Troy’s All Grain Homebrewing

Posted on January 29, 2010 by

Sundays…inevitably are THE best day of the week to brew a batch of beer…especially with friends and during the AFC and NFC championships. Today I was headed over to Troy’s house. Troy, his brother Jake, and good friend Jeremy were going to brew up a batch and were willing to show me their process for doing an all grain batch. I’ve been curious about these for about 3 weeks now and I was excited to get the opportunity to check it out.

I walked up Troy’s driveway and off to side of his garage to make my way into the brew house. As I grabbed the door knob I was met with a wonderful site, a snowbank full Imperial Stoutof homebrews! I knew this was going to be yet another wonderful day of homebrewing. I peaked through the door and was met with steaming water, homebrew, and a laptop streaming Troy’s TV right into his garage. Brilliant! So the water was boiling, I had a homebrew, and the Colts and Jets were 5 minutes from battling it out. So I sat down, homebrew in hand next to the cozy, hissing propane heater and put my attention on the game.

Soon enough the water was up to 154 and 16 pounds of a grain mixture were put into the water. Troy was inspired by the sound of my bourbon barrel porter that he decided to do his own all grain batch. I’m excited to compare the two. Anyway, the grains went in and it instantly smelt delicious. It was interesting to see the grains clump together and look like oatmeal. I’ve never seen this before. So basically we sat around drinking homebrew and watching football for 45 minutes while the grains mashed up. With 15 minutes left Troy cranked up the temperature to 170 to release the second stage of enzymes used during brewing and fermenting.

During that 15 minutes another pot of water was brought up to 170 off to the side. I really enjoy homebrewing outside around a propane burner. It is completely like sitting around a campfire. You drink, talk about sports, beer, life, etc and at the end of the day you’ve got 5 gallons of beer.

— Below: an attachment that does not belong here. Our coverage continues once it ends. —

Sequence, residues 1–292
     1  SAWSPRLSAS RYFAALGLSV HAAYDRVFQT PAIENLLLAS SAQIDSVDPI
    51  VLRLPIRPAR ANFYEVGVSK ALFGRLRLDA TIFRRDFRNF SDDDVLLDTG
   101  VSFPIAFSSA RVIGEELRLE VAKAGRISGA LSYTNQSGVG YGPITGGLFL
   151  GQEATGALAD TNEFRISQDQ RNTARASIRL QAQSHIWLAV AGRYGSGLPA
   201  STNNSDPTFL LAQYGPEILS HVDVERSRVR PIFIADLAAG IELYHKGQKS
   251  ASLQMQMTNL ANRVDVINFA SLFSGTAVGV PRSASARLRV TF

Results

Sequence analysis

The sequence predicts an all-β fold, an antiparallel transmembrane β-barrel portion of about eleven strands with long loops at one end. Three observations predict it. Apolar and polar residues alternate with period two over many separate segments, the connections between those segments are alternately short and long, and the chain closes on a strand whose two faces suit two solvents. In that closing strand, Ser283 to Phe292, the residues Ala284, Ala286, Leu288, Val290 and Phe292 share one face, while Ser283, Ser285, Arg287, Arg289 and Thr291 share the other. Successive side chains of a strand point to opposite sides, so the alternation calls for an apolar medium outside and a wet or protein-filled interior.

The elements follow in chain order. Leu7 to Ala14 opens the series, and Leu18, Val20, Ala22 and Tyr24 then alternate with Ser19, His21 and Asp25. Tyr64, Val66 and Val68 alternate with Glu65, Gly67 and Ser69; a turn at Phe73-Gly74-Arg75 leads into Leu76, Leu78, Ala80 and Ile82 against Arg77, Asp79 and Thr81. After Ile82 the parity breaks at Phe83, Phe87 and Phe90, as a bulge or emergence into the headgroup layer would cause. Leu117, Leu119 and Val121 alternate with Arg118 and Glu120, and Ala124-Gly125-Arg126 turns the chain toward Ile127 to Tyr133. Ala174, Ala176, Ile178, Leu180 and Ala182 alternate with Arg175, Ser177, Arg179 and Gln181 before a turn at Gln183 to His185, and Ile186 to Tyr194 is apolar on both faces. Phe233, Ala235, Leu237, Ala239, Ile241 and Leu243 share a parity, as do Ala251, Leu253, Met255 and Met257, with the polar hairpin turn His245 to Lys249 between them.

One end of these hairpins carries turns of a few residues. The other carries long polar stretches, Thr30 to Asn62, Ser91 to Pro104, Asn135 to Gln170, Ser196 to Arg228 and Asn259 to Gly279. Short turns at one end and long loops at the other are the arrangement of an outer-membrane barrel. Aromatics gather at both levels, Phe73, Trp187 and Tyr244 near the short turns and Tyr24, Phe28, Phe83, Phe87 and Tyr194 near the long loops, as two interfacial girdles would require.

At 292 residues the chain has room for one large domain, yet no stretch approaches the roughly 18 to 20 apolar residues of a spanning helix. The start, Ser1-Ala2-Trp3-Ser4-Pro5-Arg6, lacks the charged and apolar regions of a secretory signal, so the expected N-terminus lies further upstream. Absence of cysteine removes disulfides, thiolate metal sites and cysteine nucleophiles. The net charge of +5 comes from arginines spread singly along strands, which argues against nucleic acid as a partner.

After the 15 minutes Troy set up his “Redneck Sparging System”. This basically consists of 2 garbage cans, a tailgate, and a homemade mash tun and sparge arm. Regardless Redneck Sparging Systemof how “redneck” the system is, it worked pretty well minus a couple of little hiccups. From what I gathered, with a sparge system you basically have a 3 tiered system. In bucket one, the highest bucket, you put your 170 degree water. That water drains down to the second bucket which has your mash in it. You’ll want to get an inch of water on top of your mash so the water coming in doesn’t channel through your grains. This process is kind of like steeping grains when doing specialty grain kits.

You’ll want to get an inch of water on top of your mash so the water coming in doesn’t channel through your grains.

Homemade Sparge ArmYour basically trying to get any and all of the sugars and enzymes out of the grains for the yeast to destroy! As the water runs through the mash it comes out the bottom and drains into your kettle. Troy filled his kettle up to about 6.5 gallons. He figured he’ll boil off a gallon and a half over the next hour.

…the longer you let your homebrew age, the better it is going to get.

The brew was ready to add hops to so while Troy added the hops I grabbed another homebrew, my favorite of the day, the Imperial Stout he brewed up and sat myself down next to the hissing propane heater and watched the Colts comeback from an 11 point first half deficit. This Imperial Stout was interested because I was at Troy’s and tasted this thing a few weeks earlier. It was good then, but had a very distinct grain alcohol taste to it. Today, it was perfect. That just goes to show you, the longer you let your homebrew age, the better it is going to get. Everything from here out is just like my homebrewing batches. Add your hops, do your cold break, and pitch your yeast and wait.

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  • Troy

    Thanks again for the help, can’t wait to switch a few and compare!

  • mike

    Yea man. That day was completely why I started homebrewing. Good people, good beer, and a good time. It is consistent with every time I brew with other people. I’ll be having a lil homebrew get together here in the next couple months. I’ll keep ya informed for sure!

    Thanks for the invite as well. I learned a lot and all grains are completely not as scary as I thought they were. So I appreciate the redneck setup and all its glory!

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